I very much enjoyed this documentary about the origins of Scrabble and how it's played now. It's so right about a lot of things. There was quite a lot in there I didn't know. I knew that Alfred Mosher Butts invented Scrabble, but I didn't know there was a middle phase to the story. The way I knew it, he invented it and then it was discovered by Macy's. But there was more than a ten year gap! And in fact Lexico was not a former name of the board game Scrabble, but a predecessor with similar equipment and rules.
I very rarely think about it now, but I was a player for about 5 years. I did enter a few tournaments but relatively not that many. I was primarily an online player but felt the need to prove myself by playing live tournaments, because Internet Scrabble in particular is a cheat's paradise and there aren't any reliable ways to tell a good player apart from a cheat.
I think it would be very different if I started again today.
Firstly my concentration span is so bad I don't know if I could play. I mean, you can switch off during your opponent's turn which I highly recommend. In a tournament you might play 6 games in a day, or even in one particular tournament 16 games in two days. Each game you get 25 minutes thinking time each, so a theoretical maximum of 50 minutes per game (I say theoretical, it is possible to neutralize the clock so you can go over 50 minutes).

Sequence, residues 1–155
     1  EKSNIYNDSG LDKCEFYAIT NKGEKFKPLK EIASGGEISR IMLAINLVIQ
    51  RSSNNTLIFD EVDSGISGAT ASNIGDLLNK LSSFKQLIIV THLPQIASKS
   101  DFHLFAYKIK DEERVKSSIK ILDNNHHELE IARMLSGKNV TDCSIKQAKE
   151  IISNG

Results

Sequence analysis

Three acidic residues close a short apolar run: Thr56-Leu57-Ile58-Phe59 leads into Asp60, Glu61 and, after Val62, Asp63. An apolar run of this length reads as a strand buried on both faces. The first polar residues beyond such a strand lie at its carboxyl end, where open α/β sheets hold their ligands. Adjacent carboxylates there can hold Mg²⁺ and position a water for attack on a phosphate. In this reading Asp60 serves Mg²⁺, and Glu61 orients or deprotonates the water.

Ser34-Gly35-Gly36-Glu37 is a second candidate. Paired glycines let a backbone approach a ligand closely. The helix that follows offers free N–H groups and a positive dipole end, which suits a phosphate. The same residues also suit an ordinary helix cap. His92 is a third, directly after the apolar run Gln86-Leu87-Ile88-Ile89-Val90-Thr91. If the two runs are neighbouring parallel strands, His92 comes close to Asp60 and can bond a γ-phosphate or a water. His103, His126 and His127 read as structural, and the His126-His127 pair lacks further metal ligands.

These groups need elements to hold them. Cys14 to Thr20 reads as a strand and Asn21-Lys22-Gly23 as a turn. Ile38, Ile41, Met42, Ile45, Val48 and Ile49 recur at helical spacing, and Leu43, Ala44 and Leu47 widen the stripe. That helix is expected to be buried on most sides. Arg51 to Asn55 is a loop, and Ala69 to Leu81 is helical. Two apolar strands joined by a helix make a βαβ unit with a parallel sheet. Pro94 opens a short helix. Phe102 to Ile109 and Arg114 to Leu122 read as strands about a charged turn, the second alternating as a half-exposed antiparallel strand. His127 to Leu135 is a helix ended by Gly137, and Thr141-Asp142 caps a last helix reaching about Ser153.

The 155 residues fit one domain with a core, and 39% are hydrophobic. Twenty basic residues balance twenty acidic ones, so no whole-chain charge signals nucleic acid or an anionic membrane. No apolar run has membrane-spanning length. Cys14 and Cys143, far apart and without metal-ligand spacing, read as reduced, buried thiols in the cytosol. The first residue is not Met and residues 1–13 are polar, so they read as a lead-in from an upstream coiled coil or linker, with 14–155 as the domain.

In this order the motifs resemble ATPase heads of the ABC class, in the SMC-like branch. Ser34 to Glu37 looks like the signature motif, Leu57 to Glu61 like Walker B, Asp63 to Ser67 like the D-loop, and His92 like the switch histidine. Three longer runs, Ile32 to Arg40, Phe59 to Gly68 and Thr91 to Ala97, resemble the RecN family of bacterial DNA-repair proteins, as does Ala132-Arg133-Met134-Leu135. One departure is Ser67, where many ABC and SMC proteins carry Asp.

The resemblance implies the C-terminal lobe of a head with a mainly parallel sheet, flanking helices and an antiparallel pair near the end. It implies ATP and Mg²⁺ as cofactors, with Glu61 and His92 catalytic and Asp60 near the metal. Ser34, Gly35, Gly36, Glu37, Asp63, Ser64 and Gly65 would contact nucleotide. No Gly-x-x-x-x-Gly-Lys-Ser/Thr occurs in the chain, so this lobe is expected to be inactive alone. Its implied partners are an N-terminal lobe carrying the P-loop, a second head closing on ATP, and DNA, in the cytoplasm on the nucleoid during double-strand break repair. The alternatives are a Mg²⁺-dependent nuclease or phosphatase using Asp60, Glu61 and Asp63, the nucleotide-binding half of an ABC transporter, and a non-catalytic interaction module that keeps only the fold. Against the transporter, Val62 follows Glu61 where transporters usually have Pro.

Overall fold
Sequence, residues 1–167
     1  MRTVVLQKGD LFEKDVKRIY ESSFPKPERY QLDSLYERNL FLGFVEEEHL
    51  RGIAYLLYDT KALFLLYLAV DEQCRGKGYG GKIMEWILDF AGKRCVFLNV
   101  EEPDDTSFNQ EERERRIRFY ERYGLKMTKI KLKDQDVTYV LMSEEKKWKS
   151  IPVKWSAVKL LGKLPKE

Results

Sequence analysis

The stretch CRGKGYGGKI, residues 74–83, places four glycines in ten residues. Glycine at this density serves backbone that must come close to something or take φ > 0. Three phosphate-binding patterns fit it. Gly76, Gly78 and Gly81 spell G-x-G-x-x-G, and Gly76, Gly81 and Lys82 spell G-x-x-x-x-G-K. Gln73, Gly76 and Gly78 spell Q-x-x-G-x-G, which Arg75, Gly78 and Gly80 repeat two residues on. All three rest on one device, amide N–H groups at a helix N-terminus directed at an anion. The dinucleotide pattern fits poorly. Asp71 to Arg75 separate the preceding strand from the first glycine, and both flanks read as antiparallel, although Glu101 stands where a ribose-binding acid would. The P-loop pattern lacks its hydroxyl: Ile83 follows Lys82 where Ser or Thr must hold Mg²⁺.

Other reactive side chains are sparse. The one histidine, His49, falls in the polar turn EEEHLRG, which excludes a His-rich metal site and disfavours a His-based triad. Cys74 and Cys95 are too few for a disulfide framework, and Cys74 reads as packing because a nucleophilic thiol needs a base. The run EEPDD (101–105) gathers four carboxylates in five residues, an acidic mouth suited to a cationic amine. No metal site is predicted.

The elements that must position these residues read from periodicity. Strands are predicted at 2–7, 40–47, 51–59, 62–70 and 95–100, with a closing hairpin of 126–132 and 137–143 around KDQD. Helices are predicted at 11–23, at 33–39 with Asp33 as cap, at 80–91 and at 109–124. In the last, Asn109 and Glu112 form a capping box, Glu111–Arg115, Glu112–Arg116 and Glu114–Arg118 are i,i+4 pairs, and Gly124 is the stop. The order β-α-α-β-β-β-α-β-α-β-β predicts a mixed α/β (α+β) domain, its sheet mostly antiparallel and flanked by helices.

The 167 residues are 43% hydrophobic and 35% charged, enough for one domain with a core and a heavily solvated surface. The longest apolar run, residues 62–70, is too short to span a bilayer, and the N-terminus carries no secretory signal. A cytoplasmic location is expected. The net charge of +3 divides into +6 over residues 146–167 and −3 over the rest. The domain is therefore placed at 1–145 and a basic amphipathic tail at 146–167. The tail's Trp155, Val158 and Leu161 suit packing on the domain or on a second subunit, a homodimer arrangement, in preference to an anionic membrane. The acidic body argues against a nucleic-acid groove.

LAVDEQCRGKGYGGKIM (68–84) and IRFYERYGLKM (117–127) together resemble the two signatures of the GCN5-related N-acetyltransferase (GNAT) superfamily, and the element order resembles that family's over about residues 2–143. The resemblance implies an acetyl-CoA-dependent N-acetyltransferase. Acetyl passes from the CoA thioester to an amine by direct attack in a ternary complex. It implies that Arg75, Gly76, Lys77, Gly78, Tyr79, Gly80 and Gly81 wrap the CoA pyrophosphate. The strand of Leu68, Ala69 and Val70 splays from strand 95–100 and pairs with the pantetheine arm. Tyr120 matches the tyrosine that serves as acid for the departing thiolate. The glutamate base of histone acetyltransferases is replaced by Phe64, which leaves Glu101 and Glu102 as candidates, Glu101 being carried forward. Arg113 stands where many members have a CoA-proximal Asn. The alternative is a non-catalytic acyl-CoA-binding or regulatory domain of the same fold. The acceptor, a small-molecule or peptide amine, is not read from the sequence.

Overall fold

Ignoring that, I remember joining the UK Scrabble forum. Um, total shambles I'm afraid. People at each other's throats constantly, people who knew each other in real life too! Plus now, I wouldn't be so keen to prove myself. I mean I like to record my juggling achievements on camera but not to prove myself to anyone, not even myself. It's nice to have a record of good things that you can watch whenever I want to. Furthermore with counting catches, sometimes you don't know how many catches you have, but if you film it you can replay it and do slow-motions and count catches as many times as you like. Finally you can see what it looks like to others and spot flaws in your own technique. So basically recording your own juggling is an all-round win.
I think I found out that playing Scrabble in person is expensive and quite boring. I remember thinking after 4 games of a 6 game tournament that I was both tired and bored and basically had to try hard to concentrate to not quit in the last two games. Plus with travel and staying overnight (the last one is optional of course) you're paying at least £50 which is as much as the first prize is. In fact, you can win the tournament and operate at an overall loss. Not only 'can' but even the world's best players aren't professionals because there isn't enough money in it; they're winning thousands and spending more than that on travel and accommodation.
So I was really an Internet player. Playing socially in person was cool too but I was a bit too good for the people around me. I had one person come to my house called Mark who was really good but also really sort of weird and boring and I never invited him round again.